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J Otolaryngol Head Neck Surg. 2008 Oct;37(5):718-24.

Evaluation of cochlear function in normal-hearing young adults exposed to MP3 player noise by analyzing transient evoked otoacoustic emissions and distortion products.

Author information

1
Department of Otorhinolaryngology, Basurto Hospital, School of Medicine, University of the Basque Country, Bilbao, Spain. francisco.santaolalla@ehu.es

Abstract

OBJECTIVE:

Exposure to recreational noise may cause injuries to the inner ear, and transient evoked (TEOAEs) and distortion product otoacoustic emissions (DPOAEs) may identify these cochlear alterations. The goal of this study was to evaluate TEOAEs and DPOAEs as a method to diagnose early cochlear alterations in young adults exposed to MP3 player noise.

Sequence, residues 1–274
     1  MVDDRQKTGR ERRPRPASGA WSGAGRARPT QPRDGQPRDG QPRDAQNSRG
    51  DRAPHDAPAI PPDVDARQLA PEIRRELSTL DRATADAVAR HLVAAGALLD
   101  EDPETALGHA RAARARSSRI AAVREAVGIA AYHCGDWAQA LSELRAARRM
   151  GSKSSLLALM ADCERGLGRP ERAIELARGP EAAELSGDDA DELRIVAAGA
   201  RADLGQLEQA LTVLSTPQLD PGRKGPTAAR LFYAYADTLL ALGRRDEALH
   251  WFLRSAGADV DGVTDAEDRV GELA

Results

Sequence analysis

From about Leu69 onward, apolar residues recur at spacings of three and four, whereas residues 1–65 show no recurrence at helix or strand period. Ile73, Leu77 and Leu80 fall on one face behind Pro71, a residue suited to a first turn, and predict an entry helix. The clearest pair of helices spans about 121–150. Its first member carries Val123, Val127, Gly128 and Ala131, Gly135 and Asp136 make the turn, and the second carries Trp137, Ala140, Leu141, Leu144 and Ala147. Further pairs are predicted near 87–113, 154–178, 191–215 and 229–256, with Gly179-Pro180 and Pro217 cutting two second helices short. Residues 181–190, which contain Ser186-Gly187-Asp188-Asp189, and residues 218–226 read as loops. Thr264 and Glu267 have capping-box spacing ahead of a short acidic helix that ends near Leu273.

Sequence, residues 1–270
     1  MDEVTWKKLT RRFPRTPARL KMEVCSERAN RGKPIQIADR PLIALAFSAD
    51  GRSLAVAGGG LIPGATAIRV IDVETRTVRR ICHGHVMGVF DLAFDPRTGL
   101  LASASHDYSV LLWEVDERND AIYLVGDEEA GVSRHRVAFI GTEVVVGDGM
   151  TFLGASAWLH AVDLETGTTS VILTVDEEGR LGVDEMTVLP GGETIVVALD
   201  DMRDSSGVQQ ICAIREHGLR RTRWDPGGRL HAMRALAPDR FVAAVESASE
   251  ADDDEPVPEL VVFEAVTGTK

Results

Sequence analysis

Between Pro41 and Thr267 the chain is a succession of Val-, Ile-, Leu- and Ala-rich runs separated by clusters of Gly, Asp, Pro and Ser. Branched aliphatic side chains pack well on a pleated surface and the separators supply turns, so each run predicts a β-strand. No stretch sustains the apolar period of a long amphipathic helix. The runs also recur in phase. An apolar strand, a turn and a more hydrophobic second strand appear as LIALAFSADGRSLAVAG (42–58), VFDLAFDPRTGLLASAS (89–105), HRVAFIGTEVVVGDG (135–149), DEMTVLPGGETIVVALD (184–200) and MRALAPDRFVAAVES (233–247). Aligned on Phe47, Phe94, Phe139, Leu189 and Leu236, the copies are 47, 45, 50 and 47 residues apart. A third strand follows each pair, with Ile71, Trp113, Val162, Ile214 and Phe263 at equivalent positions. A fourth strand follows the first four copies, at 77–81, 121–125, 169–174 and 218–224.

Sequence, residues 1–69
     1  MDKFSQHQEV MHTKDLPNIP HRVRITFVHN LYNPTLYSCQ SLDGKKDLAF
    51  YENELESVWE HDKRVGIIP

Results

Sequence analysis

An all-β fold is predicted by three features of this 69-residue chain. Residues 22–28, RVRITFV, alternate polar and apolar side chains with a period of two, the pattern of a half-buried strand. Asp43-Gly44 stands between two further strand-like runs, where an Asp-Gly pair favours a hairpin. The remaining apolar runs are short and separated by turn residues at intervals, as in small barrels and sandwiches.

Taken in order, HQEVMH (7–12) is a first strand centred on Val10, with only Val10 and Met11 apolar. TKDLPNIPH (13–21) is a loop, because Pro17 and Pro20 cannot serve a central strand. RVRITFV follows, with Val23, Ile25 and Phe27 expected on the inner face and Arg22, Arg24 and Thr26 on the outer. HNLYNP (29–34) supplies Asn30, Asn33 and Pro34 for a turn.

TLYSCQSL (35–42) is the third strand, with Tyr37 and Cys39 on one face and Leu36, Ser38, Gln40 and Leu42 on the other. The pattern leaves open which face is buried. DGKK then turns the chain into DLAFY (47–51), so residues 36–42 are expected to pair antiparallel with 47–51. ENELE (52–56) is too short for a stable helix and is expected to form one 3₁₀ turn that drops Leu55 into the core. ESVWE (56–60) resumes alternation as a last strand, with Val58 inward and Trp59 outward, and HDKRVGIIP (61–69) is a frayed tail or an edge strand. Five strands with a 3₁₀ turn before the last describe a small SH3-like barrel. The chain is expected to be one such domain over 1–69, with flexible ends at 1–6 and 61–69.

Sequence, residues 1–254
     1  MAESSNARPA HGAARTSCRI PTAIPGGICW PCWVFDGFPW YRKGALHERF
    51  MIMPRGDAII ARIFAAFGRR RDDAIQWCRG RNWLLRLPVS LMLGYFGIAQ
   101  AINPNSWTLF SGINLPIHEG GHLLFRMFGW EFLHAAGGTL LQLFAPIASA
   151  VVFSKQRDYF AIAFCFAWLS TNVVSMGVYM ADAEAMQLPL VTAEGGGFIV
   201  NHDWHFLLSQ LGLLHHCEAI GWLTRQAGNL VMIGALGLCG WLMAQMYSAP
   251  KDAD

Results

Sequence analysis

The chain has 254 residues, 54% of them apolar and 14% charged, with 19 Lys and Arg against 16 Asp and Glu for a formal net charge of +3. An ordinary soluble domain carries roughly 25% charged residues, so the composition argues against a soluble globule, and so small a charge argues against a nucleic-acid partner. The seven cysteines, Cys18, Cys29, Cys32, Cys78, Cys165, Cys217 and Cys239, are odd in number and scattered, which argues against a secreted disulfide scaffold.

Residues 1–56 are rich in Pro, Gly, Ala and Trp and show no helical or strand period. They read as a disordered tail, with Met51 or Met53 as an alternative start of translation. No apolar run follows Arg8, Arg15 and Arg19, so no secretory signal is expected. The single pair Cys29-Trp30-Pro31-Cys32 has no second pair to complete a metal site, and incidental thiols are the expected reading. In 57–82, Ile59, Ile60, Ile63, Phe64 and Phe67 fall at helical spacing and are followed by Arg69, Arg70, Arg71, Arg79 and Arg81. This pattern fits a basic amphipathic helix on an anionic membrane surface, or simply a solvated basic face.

MATERIAL AND METHODS:

We performed a prospective study of the cochlear function in normal-hearing MP3 player users by analyzing TEOAE and DPOAE incidence, amplitude, and spectral content. We gathered a sample of 40 ears from patients between 19 and 29 years old (mean age 24.09 years, SD 3.9 years). We compared the results with those of a control group of 232 ears not exposed to MP3 noise from patients aged 18 to 32 years (mean age 23.35 years, SD 2.7 years). Fifty percent of ears were from females and 50% were from males.

RESULTS:

Subjects who had used MP3 players for most years and for more hours each week exhibited a reduction in TEOAE and DPOAE incidence and amplitudes and an increase in DPOAE thresholds. TEOAEs showed a statistically significant lower incidence and amplitudes for normal-hearing subjects using MP3 players at frequencies of 2000, 3000, and 4000 Hz. DPOAE incidence was lower at 700, 1000, 1500, and 2000 Hz; the amplitudes were lower at frequencies between 1500 and 6000 Hz; and the thresholds were higher for all frequency bands, statistically significant at frequencies from 1500 to 6000 Hz, p < .05.

CONCLUSIONS:

Cochlear impairment caused by MP3 player noise exposure may be detectable by analyzing TEOAEs and DPOAEs before the impairment becomes clinically apparent.

PMID:
19128682
[Indexed for MEDLINE]

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